2 Replies Latest reply on Jan 19, 2012 12:21 AM by John Hawkinson

    interactive Pen

    aelbaz Level 1

      Hi all.

       

      I now make a DVD with interactive publications with InDesign and Acrobat for a client as follows:

       

      1. I make the layout in InDesign with the interactive part.

      2. Generating the PDF file and add the rest of interactivity.

      3. I make an ISO image to make a hybrid DVD (Mac and PC).

      4. From a Mac with Toast application, generate the DVD platform.

       

      This client is now asking me to do the same for a pen, but reserving a storage portion for reading and writing user pendrive.

      The part of reading and writing would be to add and delete files, but part of the application would read only.

       

      I wonder if this is possible and how it might.

       

      Thanks in advance and sorry for my English is not my native language.

        • 1. Re: interactive Pen
          Peter Spier Most Valuable Participant (Moderator)

          I was hoping a regular Mac user would happen along and take a stab at this.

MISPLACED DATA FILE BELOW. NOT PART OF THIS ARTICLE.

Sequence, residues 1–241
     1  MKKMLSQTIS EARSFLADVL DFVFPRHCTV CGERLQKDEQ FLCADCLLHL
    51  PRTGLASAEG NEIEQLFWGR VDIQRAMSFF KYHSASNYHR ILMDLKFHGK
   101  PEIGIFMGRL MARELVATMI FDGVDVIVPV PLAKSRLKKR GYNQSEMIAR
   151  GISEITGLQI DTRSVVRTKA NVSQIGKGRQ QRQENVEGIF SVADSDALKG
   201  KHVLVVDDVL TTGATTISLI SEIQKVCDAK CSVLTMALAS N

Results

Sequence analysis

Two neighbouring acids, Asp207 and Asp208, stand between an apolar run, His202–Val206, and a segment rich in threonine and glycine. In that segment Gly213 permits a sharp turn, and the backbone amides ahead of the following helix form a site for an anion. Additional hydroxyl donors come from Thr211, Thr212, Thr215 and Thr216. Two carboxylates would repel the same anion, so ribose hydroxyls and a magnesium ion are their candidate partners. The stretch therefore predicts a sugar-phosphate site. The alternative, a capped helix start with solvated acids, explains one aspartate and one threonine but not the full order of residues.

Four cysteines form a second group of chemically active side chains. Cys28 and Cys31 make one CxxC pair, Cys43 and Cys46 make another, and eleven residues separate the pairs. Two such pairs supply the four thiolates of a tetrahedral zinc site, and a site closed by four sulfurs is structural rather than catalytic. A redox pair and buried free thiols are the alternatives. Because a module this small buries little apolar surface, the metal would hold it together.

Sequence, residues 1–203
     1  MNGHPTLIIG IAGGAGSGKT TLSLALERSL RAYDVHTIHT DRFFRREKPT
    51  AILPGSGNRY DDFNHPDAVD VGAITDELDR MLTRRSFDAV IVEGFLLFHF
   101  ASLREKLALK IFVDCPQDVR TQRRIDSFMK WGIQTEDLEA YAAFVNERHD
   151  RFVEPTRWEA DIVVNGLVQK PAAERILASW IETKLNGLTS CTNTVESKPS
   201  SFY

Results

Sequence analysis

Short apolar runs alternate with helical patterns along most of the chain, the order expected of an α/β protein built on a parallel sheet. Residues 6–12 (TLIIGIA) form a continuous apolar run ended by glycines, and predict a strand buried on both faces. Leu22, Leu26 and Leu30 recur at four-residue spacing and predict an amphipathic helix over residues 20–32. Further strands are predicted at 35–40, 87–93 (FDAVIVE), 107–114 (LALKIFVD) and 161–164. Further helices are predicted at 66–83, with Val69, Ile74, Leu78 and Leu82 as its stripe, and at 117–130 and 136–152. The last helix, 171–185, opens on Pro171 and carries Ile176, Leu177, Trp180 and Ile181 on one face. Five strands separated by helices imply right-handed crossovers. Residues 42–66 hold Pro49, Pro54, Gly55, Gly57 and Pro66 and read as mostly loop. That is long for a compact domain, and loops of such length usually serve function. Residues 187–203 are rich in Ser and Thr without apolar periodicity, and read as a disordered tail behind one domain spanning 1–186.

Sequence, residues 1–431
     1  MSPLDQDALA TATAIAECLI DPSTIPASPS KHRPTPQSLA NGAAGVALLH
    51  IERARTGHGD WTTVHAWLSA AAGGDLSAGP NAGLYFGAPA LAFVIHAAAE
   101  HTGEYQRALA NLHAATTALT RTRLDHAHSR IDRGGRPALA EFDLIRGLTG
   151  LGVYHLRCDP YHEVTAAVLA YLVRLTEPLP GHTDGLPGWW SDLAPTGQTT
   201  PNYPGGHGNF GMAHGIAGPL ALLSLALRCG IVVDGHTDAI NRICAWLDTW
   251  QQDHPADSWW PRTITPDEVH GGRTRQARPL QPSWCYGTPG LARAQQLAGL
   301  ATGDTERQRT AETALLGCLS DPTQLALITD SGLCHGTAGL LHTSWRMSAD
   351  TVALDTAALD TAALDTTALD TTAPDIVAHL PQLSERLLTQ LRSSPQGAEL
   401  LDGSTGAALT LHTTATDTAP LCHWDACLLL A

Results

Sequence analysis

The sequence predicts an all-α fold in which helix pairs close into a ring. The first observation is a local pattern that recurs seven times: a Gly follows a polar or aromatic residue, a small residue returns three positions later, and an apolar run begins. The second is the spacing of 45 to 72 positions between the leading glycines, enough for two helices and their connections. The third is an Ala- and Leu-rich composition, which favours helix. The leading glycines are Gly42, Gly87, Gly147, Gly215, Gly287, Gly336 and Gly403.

As far as I know flash drives should work cross-platform, so you'll only need one partition for Mac and PC (I said "should" becasue some versions of OS X apparently refuse to read them at all from time to time -- my daghter ran into this on Tiger, but it has cleared itself up, apparently, so I don't know what the actual cause was, just that it wasn't isolated). I don't think, though, that there is any way to effectively make a partition read-only on a flash drive, nor have I ever actually tried to partition one, though I don't have any reason to believe it can't be done. Optical media is read only by its nature, but flash drives are writeable, and a user would be able to change the properties themselves.

          • 2. Re: interactive Pen
            John Hawkinson Level 5

            There are a couple of different ways to format flash drives. I think biggest disticntion is they are permitted to not have a partition table, though they can have one (and can therefore have multiple partitions). I've seen some devices behave differently (i.e. not work) depending on whether the drive was 1-partition (with a partition table) or no partition table. (I can't remember which one worked and which didn't).

             

            As for read-only, well, there are probably tricks, and it's a question of how hard an attacker would have to try to succeed...

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